If someone told Ismael Jimenez-Barreto three years ago that he would be interning with one of the largest cargo airlines in the world, he would have doubted them.
He was an aeronautical university dropout working a full-time customer service job, but his passion for flying and motivation to achieve his degree persisted.
“Polk State College makes flying possible for people like me,” Jimenez-Barreto said. “It allows students to get the same education as the big, expensive schools for a fraction of the cost.”
Jimenez-Barreto achieved his Polk State Associate in Science in Professional Pilot Studies in August 2018 and is on track to receiving a Bachelor of Science in Aerospace Sciences from the College in May.
Within three months of starting the program, he earned his private pilot certification from the Federal Aviation Administration (FAA). He also holds single-engine land, multi-engine land, and instrument ratings and is a certified flight instructor.
His success landed him a one-year internship with the UPS FlightPath program in Louisville, Kentucky. He started in June and in December, he was awarded a $2,500 scholarship from the Regional Air Cargo Carriers Association. The award helped to fund his training and check ride for his multi-engine land rating he accomplished in February.
But Jimenez-Barreto wasn’t confident at first that he would qualify for the internship, let alone a scholarship through the program.
“When I was looking at pilot jobs, I kept seeing UPS but I thought there was no way I had the experience. It’s a major airline and it is very competitive with pilots applying from all over the country,” he said. “Then Polk State Aerospace sent out internship opportunities and I saw UPS again. I knew I just had to try.”
Because he tried, Jimenez-Barreto is now on a path full of opportunities and a possible career with the international company that reaches nearly 700 destinations in more than 220 countries daily through a network of 500 aircraft.
The program offers two paths that lead to guaranteed interviews for employment, including the route Jimenez-Barreto is taking to complete 12 months as a UPS Flight Operations intern and 30 months as a pilot with Ameriflight.
“At first, I doubted myself a lot, but if I didn’t try, I wouldn’t have the opportunities I have today. My advice to other students is to make them tell you no – don’t tell yourself no,” he said. “At first, I was telling myself no – that I didn’t have the money or the experience. But I put the work in and I tried.”
UPS FlightPath Program Coordinator Adam Kik recognized Jimenez-Barreto’s strong work ethic, passion for flying, and commitment to his education and future career. He recommended Jimenez-Barreto apply for the Regional Air Cargo Carriers Association UPS FlightPath scholarship.
“Ismael has been an outstanding participant in the UPS FlightPath program and has become a leader among his peers,” Kik said. “ His positive, lean-forward attitude makes him a great advocate for Polk State and UPS. We hope to see him back in a UPS pilot uniform soon.”
In an essay to the Regional Air Cargo Carriers Association, Jimenez-Barreto highlighted his life-long fascination with airplanes, his participation on the Polk State Flight Team, and his commitment to returning to UPS after accumulating enough flight time through Ameriflight for potential employment.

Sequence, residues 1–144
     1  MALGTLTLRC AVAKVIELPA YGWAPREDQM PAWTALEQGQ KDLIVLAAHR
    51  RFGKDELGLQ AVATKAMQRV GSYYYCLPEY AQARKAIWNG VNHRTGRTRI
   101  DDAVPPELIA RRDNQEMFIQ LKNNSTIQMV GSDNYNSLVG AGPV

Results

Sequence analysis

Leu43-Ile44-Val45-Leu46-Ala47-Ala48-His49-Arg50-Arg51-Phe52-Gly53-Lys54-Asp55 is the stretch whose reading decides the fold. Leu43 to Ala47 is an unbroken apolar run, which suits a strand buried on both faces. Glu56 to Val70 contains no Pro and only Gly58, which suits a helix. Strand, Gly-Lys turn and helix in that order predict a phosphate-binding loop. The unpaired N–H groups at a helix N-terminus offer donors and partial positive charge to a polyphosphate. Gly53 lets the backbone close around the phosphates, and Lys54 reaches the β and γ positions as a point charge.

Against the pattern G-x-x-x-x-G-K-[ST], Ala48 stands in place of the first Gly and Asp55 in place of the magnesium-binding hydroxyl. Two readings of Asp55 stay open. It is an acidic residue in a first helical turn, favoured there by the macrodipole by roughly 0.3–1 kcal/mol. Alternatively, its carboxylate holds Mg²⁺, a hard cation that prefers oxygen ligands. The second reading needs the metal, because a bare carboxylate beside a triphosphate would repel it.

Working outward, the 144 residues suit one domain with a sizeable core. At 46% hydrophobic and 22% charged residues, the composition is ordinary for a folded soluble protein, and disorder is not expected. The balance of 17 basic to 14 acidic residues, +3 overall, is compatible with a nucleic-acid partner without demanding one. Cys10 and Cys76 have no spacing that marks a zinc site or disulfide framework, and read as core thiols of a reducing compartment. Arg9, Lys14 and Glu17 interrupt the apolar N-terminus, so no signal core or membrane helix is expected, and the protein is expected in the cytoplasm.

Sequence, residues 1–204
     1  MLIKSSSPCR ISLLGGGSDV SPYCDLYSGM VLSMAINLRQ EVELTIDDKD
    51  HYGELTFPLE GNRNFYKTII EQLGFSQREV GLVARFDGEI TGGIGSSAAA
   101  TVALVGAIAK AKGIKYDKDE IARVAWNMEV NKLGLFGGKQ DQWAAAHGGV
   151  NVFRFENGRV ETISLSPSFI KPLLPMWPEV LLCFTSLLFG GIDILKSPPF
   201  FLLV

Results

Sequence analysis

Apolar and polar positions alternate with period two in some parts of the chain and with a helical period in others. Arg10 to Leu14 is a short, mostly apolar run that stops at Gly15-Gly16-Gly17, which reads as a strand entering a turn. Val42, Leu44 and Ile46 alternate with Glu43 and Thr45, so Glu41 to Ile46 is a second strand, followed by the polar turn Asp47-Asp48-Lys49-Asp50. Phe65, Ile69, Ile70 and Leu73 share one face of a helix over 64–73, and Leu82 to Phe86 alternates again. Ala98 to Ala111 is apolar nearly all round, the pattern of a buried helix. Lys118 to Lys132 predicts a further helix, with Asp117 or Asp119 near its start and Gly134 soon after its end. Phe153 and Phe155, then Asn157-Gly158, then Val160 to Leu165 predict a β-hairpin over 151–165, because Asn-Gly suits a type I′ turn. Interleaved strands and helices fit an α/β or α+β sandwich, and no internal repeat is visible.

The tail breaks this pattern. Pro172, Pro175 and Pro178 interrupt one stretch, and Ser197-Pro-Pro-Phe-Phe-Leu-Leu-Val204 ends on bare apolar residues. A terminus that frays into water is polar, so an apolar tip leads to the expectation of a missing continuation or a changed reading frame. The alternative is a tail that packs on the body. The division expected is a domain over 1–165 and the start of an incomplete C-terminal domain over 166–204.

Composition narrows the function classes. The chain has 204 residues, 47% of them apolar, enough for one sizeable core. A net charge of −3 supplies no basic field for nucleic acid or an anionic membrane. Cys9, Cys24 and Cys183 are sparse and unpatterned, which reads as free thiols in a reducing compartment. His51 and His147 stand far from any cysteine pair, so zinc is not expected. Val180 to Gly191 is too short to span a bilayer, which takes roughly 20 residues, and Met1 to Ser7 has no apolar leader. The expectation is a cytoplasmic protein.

“While here, I strive to soak up as much information I possibly can to help me become a better well-rounded pilot,” he wrote.
Jimenez-Barreto has wanted to fly since he was 8 years old and awestruck by a U.S. Air Force Thunderbirds demonstration in his native Puerto Rico.
“It was the loud noise, the professionalism, the precision,” he recalled. “I wanted to be that good.”
His family left Puerto Rico in 2012 with nine pieces of luggage and no plan, he said. He started at Lake Gibson High School in the 10th grade and started flying through a James C. Ray Scholarship by 15.
When it was time for him to apply for college, he considered Polk State’s relatively new Aerospace program but found himself allured by the longstanding reputation of a private aeronautical university.
“It’s a great school, but I ran out of money,” he admitted.
At Polk State, students have the ability to achieve degrees in aerospace for as little as $7,819 a year, compared to traditional pilot schools and aerospace degree programs that can reach an average cost of $135,000 annually. And they don’t have to sacrifice quality.
Jimenez-Barreto highlighted the professionalism and the heart of faculty and staff at Polk State. He enrolled in May 2017 but after his first class, his appendix was about to burst.
“When I returned a month later, one of the staff members who helped me enroll remembered me and told me that she had been worried about me,” he recalled. “That’s the best thing about the Polk State Aerospace program – everyone here knows you, everyone here roots for you, and everyone here pushes you to be the best you can be.”
“If you don’t show up for class, someone will call. If you stop flying, someone will check up on you,” he added. “Unlike bigger schools, at Polk State, it really is like a family.”
During his time at the College, Jimenez-Barreto has also served as a member of the Polk State Flight Team and served as its first officer in the 2018 National Intercollegiate Flying Association competition.
Once he achieves his bachelor’s degree and completes his internship, Jimenez-Barreto plans to gain 1,500 flight hours with Ameriflight before returning to UPS with the aspiration to fly the Boeing 747. He also hopes to fly fighter jets for the U.S. Air Force and plans to apply with a reserve unit.
“All of these opportunities are possible because of Polk State, hard work and determination, and because I tried,” he said.